At the Budget, we announced the Firstbuy scheme, which will be co-funded by the Government and house builders, bring £500 million of investment into the sector and build about 15,000 homes throughout the UK. In England, those figures are £200 million and 10,000. In addition, the Government’s commitment to reducing debt is perhaps the most important thing that we can do to create stability, and recently I held a first-time buyers summit to pull together the sector and ensure that progress is made.
My hon. Friend is absolutely spot on, of course, and the scheme will do both those things. The critical difference between it and the schemes that the previous Government ran is that the person purchasing the house has to provide a deposit. In addition, the amount of money going in from the Government will be reduced to make it much better value for money.
Will the Minister ensure that all the initiatives for first-time purchase and for shared ownership are well publicised in every local authority in England, and that the new homes bonus money can be used, where local authorities agree, for the maximum number of property builds and for the maximum number of people acquiring a property—through shared ownership or outright possession—for the first time?
I am very grateful for that question, not least because I am able to congratulate Southwark on today pulling in £2.6 million from the new homes bonus. That money certainly can be used in precisely the way it is required locally, and whatever the principal concerns are for local people. It is the way to incentivise more house building, and we will make sure that it works effectively alongside the Firstbuy scheme.
The Minister referred to the new scheme as relevant to the replacement of HomeBuy Direct, which as he is aware was the much more generous scheme that he scrapped just 10 months ago. Is this not another example of the Government introducing a new policy to make up for the fact that their previous policy has gone wrong?
The hon. Gentleman has got his facts wrong. HomeBuy Direct continues until 2012, so there is no question of its having come to an end. It was a funded scheme for a specific period which will come to an end at that point, so by launching another scheme that overlaps rather than replaces it, we have, I assume, achieved precisely what he would want.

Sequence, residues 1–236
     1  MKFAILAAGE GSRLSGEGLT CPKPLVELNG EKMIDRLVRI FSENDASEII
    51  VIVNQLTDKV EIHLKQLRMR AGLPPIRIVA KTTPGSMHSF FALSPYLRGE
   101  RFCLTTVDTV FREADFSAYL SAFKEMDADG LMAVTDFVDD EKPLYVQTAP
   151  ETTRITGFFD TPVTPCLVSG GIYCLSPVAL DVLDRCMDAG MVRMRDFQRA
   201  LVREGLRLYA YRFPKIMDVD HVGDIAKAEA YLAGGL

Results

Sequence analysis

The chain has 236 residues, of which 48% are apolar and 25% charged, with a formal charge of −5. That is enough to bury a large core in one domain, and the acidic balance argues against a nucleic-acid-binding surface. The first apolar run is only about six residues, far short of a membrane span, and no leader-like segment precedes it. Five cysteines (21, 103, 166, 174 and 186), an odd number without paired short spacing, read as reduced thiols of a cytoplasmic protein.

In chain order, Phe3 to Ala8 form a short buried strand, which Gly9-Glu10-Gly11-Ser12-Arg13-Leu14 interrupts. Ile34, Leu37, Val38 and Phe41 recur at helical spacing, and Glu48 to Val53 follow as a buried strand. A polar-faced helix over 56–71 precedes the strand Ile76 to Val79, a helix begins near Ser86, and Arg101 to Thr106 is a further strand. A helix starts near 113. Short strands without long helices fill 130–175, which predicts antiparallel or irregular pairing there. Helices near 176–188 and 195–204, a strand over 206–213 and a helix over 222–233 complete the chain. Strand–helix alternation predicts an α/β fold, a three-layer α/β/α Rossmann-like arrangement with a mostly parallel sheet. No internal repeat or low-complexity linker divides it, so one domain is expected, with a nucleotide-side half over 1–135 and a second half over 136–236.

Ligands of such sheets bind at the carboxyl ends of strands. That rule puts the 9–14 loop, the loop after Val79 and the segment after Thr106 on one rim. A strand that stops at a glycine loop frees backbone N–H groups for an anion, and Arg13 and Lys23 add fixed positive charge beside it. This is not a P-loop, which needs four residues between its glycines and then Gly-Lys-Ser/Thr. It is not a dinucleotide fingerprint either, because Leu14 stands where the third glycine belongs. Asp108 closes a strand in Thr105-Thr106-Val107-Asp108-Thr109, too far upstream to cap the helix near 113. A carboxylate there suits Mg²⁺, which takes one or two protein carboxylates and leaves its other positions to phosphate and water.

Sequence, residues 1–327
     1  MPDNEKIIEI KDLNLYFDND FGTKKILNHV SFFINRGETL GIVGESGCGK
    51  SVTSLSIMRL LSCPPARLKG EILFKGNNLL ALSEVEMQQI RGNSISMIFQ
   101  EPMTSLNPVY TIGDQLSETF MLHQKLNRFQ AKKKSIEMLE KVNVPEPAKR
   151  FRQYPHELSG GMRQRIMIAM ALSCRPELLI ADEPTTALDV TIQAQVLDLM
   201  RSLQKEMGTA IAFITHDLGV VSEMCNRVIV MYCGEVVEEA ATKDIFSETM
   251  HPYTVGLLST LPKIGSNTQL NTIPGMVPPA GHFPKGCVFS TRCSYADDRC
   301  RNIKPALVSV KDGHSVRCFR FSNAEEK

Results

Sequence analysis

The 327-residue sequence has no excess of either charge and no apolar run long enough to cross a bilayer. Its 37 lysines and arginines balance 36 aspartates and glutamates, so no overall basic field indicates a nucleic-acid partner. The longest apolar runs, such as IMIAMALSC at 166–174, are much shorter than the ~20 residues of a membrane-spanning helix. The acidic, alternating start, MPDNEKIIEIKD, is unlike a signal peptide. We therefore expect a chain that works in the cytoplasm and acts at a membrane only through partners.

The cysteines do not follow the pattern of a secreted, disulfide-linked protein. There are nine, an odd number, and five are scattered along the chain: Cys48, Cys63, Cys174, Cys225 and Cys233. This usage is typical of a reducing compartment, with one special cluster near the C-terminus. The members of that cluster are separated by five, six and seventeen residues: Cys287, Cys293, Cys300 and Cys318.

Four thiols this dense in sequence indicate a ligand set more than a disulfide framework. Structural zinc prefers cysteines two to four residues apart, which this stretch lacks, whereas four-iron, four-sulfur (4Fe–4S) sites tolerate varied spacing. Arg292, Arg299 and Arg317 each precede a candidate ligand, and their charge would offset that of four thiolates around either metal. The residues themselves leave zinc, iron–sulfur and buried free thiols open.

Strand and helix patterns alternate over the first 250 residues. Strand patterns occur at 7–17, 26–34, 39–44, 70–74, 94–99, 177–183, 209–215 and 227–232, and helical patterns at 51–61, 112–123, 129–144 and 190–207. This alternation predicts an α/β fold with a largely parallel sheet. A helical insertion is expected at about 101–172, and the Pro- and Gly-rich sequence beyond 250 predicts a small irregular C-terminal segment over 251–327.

I make my usual declaration of an indirect interest in the entry in the register for my right hon. Friend the Member for Greenwich and Woolwich (Mr Raynsford).
HomeBuy Direct was a good scheme, and considering that the Minister called it an “expensive flop” I am delighted that the Government have seen fit, albeit somewhat late in the day, to enhance it further and, in many ways, to replicate it. Can he confirm that, as the Financial Times reported, this is nothing more than his admitting that he cannot fix the mortgage market? Has he not, as my hon. Friend the Member for Chesterfield (Toby Perkins) said, just wasted a vital 10 months, leaving hundreds of thousands of first-time buyers—not tens of thousands, given the sort of scheme we are describing—with no hope under this Government of securing their own homes?[Official Report, 9 June 2011, Vol. 529, c. 5-6MC.]
I am grateful to the hon. Lady for allowing me to clear up one thing. It is worth knowing that when I said that the HomeBuy Direct scheme had been an expensive flop, it had been launched 10 months earlier and had helped just five people to secure a home. It is true that the scheme has developed over a period of time and has helped people in between, but as I said in my previous answer—I appreciate that it was given after she had written her question, but none the less it is useful to connect the two—the previous scheme does not end until 2012. We are in 2011, and we have already announced a new scheme.